It also seemed strange to me that, despite their belief in the communion of saints, lib Christians had a much cozier relationship with non-christian liberals (religious or irreligious) than they did with conservative Christians. And while being nonjudgmental was a major tenet of theirs, all bets were off when they spoke about their conservative brethren in Christ (for whom no invective was too harsh).

    Also, there was an unspoken expectation that one adopt the values of the big-government, welfare-state left ... almost as if this was part of the gospel. As free-market, libertarian type, I couldn't stomach that.

    Finally, one other thing helped drive me out: The church services. In my experience at least, they were the most boring on the entire planet, bordering on cruel and unusual punishment.

  3. I can relate to both posts above. I came from fundamentalism, so it's quite a shock to learn that the Bible is not the Word of God and without error. There's quite a feeling of betrayal when coming from that background-like "Damn it! I actually believed them and took it all seriously!!"

    I also tried a very liberal church, but it was so obviously politically liberal, I thought-These people won't like me if I'm totally honest. I must hide my more conservative side!

    So that didn't work either! Us agnostics need a group!

  4. Well, there is certainly a middle ground. I'm classically evangelical, and orthodox in the faith, but not a fundamentalist.

    As far as I'm concerned the Nicene Creed of the church is a sufficient statement of Christian faith. We don't all have to agree about every doctrinal issue, or Biblical interpretation that comes down the pike.

    My political views also lean toward the moderate libertarian camp, SteveJ. Definitely believe in the value of free markets to generate wealth, and opportunity.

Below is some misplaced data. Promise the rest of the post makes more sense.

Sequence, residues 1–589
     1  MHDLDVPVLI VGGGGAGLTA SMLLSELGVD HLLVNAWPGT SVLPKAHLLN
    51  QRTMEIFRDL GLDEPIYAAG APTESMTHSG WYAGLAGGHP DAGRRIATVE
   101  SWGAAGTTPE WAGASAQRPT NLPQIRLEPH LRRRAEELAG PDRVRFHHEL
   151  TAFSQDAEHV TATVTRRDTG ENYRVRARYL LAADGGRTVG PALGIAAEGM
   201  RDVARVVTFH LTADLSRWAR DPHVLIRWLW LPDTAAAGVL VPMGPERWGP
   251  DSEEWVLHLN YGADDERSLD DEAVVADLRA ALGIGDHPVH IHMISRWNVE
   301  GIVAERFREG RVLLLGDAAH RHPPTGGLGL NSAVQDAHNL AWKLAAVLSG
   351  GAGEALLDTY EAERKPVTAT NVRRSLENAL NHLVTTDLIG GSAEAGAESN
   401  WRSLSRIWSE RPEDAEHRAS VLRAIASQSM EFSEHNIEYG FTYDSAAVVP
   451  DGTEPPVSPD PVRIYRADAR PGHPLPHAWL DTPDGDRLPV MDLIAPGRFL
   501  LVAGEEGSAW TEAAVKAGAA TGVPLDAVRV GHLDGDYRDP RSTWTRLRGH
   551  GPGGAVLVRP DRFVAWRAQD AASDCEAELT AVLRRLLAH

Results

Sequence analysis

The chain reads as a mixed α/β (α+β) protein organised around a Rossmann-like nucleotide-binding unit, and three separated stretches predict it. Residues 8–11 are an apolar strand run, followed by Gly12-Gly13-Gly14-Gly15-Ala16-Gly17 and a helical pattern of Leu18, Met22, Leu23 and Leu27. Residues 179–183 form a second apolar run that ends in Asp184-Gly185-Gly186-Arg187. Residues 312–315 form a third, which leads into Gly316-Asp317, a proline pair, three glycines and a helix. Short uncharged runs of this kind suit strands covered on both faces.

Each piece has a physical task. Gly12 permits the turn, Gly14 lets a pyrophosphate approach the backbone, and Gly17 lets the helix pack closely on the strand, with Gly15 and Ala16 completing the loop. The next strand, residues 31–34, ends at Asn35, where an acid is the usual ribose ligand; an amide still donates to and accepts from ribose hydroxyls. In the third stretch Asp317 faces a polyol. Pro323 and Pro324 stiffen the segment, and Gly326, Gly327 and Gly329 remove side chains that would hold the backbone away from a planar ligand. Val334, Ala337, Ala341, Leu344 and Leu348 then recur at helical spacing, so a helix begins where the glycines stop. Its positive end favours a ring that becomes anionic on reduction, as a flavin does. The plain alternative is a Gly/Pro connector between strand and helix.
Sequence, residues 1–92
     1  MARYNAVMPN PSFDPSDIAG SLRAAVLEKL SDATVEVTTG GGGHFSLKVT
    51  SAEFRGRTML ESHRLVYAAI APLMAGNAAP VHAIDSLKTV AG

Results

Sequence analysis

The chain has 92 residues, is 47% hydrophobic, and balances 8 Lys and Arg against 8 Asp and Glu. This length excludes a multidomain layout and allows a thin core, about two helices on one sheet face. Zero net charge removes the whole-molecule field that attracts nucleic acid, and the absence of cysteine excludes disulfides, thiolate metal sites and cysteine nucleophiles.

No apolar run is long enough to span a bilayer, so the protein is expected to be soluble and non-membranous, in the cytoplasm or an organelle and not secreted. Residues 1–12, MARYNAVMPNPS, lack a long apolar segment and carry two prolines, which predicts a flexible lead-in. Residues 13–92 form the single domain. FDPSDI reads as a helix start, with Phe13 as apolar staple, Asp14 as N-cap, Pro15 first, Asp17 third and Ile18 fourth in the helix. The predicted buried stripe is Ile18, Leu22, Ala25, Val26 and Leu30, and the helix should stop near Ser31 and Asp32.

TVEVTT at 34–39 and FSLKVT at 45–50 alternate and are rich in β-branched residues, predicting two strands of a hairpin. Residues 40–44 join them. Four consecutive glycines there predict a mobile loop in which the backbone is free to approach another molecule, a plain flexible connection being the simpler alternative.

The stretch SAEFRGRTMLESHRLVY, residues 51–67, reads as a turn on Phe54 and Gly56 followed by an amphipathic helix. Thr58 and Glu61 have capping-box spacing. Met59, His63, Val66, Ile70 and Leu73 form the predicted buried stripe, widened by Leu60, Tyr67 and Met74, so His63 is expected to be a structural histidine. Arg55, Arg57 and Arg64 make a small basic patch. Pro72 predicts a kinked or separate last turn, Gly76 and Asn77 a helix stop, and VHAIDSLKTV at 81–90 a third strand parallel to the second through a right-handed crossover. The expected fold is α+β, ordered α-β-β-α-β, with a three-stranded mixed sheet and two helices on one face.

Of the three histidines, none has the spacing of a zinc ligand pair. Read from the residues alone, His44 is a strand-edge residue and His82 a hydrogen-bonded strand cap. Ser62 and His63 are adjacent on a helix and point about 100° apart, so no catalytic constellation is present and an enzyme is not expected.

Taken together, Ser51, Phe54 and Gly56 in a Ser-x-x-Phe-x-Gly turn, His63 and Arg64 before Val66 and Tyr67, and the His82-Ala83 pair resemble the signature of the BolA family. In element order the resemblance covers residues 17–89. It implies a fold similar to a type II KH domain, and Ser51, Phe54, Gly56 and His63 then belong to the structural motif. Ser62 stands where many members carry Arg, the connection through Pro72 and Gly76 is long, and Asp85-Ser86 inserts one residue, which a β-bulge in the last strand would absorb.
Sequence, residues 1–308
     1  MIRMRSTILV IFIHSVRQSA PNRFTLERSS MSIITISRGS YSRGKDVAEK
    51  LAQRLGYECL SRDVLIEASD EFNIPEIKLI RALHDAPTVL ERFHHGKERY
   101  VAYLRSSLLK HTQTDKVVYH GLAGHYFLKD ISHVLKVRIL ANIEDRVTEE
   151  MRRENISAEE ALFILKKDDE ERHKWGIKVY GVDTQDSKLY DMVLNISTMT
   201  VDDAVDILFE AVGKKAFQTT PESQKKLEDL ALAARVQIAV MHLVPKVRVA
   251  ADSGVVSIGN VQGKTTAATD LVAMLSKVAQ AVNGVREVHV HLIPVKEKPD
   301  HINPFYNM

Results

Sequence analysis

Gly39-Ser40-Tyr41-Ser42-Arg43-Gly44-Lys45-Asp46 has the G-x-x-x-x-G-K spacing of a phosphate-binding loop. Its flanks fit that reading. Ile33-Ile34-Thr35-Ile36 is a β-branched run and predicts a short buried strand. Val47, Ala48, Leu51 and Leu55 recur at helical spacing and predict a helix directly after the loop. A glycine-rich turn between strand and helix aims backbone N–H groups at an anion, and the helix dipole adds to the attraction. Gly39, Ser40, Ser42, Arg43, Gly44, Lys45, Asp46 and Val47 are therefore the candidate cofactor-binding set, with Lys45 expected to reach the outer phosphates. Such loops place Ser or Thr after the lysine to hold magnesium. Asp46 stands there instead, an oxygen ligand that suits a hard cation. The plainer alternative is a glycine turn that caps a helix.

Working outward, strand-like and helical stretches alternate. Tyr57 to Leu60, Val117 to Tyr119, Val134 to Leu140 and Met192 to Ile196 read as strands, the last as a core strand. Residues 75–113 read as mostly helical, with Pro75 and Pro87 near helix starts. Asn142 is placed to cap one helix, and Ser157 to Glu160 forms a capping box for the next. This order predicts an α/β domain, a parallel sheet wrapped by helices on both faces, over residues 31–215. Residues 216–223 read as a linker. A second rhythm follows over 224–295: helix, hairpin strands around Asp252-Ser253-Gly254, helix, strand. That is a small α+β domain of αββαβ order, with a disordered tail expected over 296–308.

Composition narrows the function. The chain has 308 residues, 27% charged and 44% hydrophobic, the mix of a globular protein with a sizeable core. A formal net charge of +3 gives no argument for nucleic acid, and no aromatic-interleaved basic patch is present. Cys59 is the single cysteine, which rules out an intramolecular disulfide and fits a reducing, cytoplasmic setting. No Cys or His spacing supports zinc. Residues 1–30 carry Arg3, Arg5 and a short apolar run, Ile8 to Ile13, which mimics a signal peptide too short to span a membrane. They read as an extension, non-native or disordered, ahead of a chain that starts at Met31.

But, here's the truth. It doesn't really matter to me if a person is a socialist, or a more conservative Republican in terms of Christian fellowship.

    I think as a Christian my unity with other believers is around the gospel, not centered in a specific political view.

    For one thing, the more I study some of these various political, and social issues, the easier it is for me to understand why sincere, well-meaning people might disagree. I mean it can take "the wisdom of Solomon," to sort some of this stuff out.

    I also think we should be taking the Scripture very seriously that talks about how we can't be about loving God, and hating our brother, or sister at the same time. Talk about cognitive dissonance, here, SteveJ, and Lynn.

  5. Grace, you and Sherry are probably kind, liberal-minded souls whom most people here wouldn't object to in the least.

    I agree with the Scripture when it enjoins love toward our neighbor. There's just so much other material there that I simply can't belief, even through a concentrated force of the will.

  6. I understand, SteveJ, but, is the center of Christian faith focused in whether folks believe every word of the Bible, or in the reality of the incarnation, and what this means in our lives?

  7. Grace, I understand what you're saying here and I did function as a non-inerrantist quasi-evangelical for many years. But the problem is that we're dependent on the Bible and its general reliability (whether inerrant or not) to inform us about Jesus -- there's really no other good source of information about him. When that same book contains so much that is problematic, it becomes difficult to fully trust even its most central themes.

  8. Lynnn,

    You said: it's quite a shock to learn that the Bible is not the Word of God and without error.

    If you don't mind me asking, how did you come to this conclusion? You seem so sure about it.

    SteveJ, you can pitch in too if you like, per your comment 'When that same book contains so much that is problematic'. Thanks